SPENDING MORE TIME CHOPPING MAKES MORE FIREWOOD?
For years and years, the common conception has been that more hours worked equals increased productivity – the more time spent on the job, the more work gets done. But, is that really the truth?
Recently, when I was at a client function and overheard two colleagues discussing the number of hours that they put in on a daily basis. The first gentleman said that he works until eight or 9 PM every night and never got to see his kids. The other, bragged that he worked until seven went home had dinner turned on his computer worked some more and worked the weekend. But does that make them more productive, effective and able to produce more results?
HUMAN ≠ MACHINE
When factories need more parts made, they extend the shift hours. When a firm sees a spike in business, they expect employees to stay later to meet the increased volume. Even when long hours are not based on a company-wide need, it has been a long held belief that “going the extra mile,” and spending more time on the job than others is commendable, productive behavior to be admired.
This is a perfectly logical conclusion for dealing with automatons, but hardly makes sense for real, live people. As management mentality continues to shift toward employee engagement, shared expectations, and other “worker-centric” practices, it is becoming very clear that more time spent working does not necessarily translate to more work getting done. Human beings, after all, are not machines.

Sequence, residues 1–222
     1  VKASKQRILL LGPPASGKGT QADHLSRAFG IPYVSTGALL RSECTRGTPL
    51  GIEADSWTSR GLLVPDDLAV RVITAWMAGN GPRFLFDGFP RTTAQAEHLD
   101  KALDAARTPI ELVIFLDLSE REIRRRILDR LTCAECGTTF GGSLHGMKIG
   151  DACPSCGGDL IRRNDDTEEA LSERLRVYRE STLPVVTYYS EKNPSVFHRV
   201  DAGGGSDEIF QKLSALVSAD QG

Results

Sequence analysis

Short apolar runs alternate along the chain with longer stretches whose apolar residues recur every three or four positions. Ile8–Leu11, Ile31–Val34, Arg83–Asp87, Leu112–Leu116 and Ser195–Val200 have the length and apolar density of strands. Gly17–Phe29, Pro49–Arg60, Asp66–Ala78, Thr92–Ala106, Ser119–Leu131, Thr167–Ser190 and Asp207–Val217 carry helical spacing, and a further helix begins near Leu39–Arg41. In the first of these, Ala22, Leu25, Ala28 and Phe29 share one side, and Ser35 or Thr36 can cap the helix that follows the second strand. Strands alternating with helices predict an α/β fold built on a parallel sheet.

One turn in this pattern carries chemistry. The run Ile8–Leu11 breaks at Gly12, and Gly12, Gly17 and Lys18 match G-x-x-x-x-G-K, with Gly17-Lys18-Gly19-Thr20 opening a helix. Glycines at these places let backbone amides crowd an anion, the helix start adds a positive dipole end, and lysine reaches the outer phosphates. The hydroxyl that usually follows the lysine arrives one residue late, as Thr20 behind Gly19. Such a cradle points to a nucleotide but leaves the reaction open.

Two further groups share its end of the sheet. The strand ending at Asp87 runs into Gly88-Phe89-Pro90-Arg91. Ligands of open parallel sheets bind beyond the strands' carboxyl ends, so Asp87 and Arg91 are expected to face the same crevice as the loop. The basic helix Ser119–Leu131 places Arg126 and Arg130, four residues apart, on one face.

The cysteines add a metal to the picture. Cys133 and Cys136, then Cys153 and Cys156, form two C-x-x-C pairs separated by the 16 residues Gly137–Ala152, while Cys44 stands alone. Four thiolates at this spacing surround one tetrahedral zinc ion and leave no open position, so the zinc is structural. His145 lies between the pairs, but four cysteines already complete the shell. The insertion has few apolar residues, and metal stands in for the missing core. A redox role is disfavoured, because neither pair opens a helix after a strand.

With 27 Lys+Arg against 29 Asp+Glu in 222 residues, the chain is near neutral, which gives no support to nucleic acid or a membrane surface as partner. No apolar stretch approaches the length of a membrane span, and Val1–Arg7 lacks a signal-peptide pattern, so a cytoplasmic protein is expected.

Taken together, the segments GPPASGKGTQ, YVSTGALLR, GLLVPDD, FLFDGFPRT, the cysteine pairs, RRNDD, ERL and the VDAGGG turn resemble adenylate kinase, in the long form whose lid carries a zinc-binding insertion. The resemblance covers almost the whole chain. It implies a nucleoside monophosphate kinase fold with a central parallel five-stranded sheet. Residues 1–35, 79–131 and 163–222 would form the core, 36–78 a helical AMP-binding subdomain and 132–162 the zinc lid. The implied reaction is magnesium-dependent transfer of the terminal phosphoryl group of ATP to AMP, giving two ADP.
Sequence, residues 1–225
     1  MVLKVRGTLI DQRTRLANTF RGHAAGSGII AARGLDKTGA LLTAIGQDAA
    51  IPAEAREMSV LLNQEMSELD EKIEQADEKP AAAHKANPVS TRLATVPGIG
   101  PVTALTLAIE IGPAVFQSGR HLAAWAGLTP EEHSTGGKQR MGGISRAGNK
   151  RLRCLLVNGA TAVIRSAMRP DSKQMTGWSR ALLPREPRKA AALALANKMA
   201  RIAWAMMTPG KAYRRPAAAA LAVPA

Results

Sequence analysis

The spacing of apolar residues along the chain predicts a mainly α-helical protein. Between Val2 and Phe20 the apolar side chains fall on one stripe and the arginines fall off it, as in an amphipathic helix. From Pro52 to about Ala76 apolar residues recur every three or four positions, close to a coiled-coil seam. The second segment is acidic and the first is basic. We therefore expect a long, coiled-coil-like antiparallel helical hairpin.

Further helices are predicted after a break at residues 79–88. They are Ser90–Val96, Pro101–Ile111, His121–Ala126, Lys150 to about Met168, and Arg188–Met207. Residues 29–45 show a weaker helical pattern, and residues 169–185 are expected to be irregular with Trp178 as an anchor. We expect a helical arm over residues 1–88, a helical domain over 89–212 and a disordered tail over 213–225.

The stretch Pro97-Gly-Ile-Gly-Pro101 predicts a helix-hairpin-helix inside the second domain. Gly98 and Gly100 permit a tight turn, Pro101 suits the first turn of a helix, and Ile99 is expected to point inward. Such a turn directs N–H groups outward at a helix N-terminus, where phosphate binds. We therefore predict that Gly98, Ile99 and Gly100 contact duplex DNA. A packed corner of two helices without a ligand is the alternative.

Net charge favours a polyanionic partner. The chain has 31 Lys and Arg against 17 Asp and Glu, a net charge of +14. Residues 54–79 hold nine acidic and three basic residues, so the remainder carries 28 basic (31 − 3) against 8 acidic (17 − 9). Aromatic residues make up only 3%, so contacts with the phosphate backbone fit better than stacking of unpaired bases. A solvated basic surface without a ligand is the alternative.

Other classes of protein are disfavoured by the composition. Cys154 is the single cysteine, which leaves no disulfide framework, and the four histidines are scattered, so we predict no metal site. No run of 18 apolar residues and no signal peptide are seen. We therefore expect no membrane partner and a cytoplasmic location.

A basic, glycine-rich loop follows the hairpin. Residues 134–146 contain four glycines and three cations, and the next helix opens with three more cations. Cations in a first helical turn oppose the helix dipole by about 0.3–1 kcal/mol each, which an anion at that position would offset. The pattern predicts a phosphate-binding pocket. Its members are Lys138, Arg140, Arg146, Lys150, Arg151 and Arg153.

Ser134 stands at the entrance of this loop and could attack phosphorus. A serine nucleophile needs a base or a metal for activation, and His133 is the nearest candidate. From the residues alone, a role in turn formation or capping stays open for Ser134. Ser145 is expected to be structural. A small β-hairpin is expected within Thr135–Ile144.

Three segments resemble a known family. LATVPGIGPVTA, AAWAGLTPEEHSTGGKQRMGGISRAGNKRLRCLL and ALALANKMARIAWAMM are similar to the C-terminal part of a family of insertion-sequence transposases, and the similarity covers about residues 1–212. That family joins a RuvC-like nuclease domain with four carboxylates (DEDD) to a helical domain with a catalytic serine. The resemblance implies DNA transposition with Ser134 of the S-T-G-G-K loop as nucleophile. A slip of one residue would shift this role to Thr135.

MORE DOES NOT ALWAYS EQUAL BETTER
There are numerous studies and articles (Stop Working More than 40 Hours Per Week & They Work Long Hours, but What About Results? just to name two) written to dispel this misconception. It has become quite clear that employees are more productive when they are:
• Happy, and
• Able to “refuel” themselves from time to time.
People get stressed, they get tired, and they lose momentum in the face of monotony. Each of us can recognize the benefits of a short break to “clear your head,” or remember a time that temporarily walking away from a problem was key to finding the solution.
In an article in the Harvard Business Review, Tony Schwartz discusses this Law of Diminishing Returns as it pertains to the workplace, saying:
Workers in all sectors can actually get more done (in less time) by taking steps to stay fresh and alert on the job. Not only will employees get more done, they will be happier about doing it, and this is the path to true engagement and personal investment in a company.
To keep a business running like a well-oiled machine, managers have to understand that employees are NOT mechanical – one can’t simply turn a dial and expect increased results.
What do you think?
Anil Saxena is the President of Cube 2.14, an organizational development consulting firm that works with clients to increase both customer and employee engagement while decreasing turnover, improving customer retention, and increasing profitability within organizations.
Saxena is a certified High Impact coach and trainer and a Joint Application Design facilitator. He is also certified by both Rush Systems and IBM as a focus group facilitator. He is an inaugural member of Northwestern University’s Learning and Organizational Change program, and he earned his bachelor’s degree in mechanical engineering from the Illinois Institute of Technology.